Introduction by Raymond E Feist

love games. ♦ It's the little kid in me who refuses to grow up, the very same child who plays "let's pretend" all day in his office and gets paid for it. ♦ I write highly improbable stories about people who find themselves living in a t>ery unusual landscape: a morid populated by fantastic creatures, ancient magics, and rogues and villains of all stripe.

I've wasted hours in front of computers playing games when I should have been working, like most every one of you. My first encounter with a computer game was the infamous Adventure. I played it on the university's computer when I should have been typing runtime exercises for my class in programming. Rather than work, I'd sit up all night in the computer center facing the alien-green screen of a flickering TTY terminal trying to find whatever silly item I needed to get to the next room where I'd find another silly item I needed somewhere else. And, like most of you, every once in a while I'd think, "Why can't these games be more like a good fantasy adventure novel?"

But games are one thing and books are another, right?

Seemed that way for years. Computer role-playing was either a glorified arcade game — with names of fantasy characters hung onto a computer graphic with no other relationship to the literary work it was based upon — or it was basic fantasy role-playing run by a computer: kick down a door, kill something, get treasure, go up in power, get better at kicking down doors, killing things and getting treasure, so you go to the next level where the doors are harder to break down, the monsters are tougher, and the treasure's harder to find. After a while, it's all pretty much the same.

Then over the last few years some folks introduced problem-solving. Sure, you still had to kill a lot of ugly-buglies to get the Wand of Chaos; but once you got it, you could defeat the evil wizard Wartface and save the kingdom.

Still a pretty pale imitation of a good fantasy novel, right?

So then folks added more colorful graphics and pretty pictures and sound and animation... and it's still pretty basic stuff. For the most part.

By their nature, books and games ask you to do two different things. A book asks you to fasten your seatbelt while the author takes you for a ride. A game asks you to participate and make decisions. Given the nature of computers today, no matter how fast they evolve there's still a limit to the amount of information you can put in a computer on your desktop, while the author of a novel can take you anyplace and show you anything. I have an unlimited special effects budget when I work and I don't have to fret over memory size or how fast a CPU the reader owns. The mind is still the best computer for dreaming up wonders!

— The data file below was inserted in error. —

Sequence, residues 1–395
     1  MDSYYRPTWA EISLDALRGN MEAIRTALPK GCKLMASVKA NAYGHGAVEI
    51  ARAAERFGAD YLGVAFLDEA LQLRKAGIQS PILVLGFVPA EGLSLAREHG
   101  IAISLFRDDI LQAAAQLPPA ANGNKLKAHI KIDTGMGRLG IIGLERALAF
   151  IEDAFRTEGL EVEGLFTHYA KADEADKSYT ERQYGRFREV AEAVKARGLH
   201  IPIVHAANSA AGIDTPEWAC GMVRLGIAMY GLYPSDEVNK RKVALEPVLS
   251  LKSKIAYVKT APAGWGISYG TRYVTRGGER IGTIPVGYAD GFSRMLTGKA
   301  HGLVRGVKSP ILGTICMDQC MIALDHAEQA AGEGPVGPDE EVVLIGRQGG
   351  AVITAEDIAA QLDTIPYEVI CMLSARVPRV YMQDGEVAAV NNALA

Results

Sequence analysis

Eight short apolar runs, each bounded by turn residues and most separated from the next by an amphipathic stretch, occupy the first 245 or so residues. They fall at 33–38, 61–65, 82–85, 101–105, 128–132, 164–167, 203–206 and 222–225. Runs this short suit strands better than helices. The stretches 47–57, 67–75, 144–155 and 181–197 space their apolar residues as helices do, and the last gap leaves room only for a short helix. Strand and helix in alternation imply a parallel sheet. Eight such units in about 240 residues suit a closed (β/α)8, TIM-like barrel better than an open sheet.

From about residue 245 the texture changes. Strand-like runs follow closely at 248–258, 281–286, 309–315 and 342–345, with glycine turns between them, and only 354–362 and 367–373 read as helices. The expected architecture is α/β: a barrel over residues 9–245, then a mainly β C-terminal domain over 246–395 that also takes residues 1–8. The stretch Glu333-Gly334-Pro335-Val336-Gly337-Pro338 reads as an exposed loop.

So, when John Cutter and the folks at Dynamix said they wanted to "design a game that felt like one of your books," I said, "Right," with a knowing wink and a nod. But, being polite, I listened and we talked. And we talked some more. You're now about to experience the result of those talks.

Games can never be like books, but this new game, Betrayal at Krondor, is as close as I've seen a game get. How'd they do it? Dynamix put a lot of thought into doing more than drawing nice characters on the screen and giving them names from my books as they jump over trolls and duck fire blasts from wizards. They have more here than a simple arcade game or a simple fantasy game. They've put time and energy into saying, "What if the player was going to act as a character in a new book, one that takes place after A Darkness at Sethanon?"

Dynamix didn't just license a game, hang character names on generic icons and call it a Riftwar Game! They spent hours talking to me about all manner of things in a heartfelt attempt to "get it right." The object of the exercise was always to be the first computer game that felt like it was part of a good adventure novel.

Which is what this game has evolved into being. You possess what will be, I hope, the first in a series of games that, I believe, reflect the feeling of my work or as much as is possible in a game. When you cross paths with Prince Arutha or Jimmy and Locklear, they act pretty much as I expect them to act and, when you have decided what to do next, they react to your choice pretty much as I would expect. When you travel across the map of the kingdom, it's pretty much the same map as you find in the books.

I feel pride and satisfaction that I was the author Dynamix chose to include in this project, that my work was the model upon which these beautiful works of "computer fiction" were based. I thank everyone at Dynamix for thinking highly enough of my original words to want to do it, and for listening to me when I put in my two cents worth. For those of you familiar with my novels, I think you're going to recognize the landscape and for you who haven't read any of my work, I hope you'll enjoy this visit enough to want to read some of the work upon which it is based.

So quit reading this and go play the game! Enjoy your visit to Midkemia.


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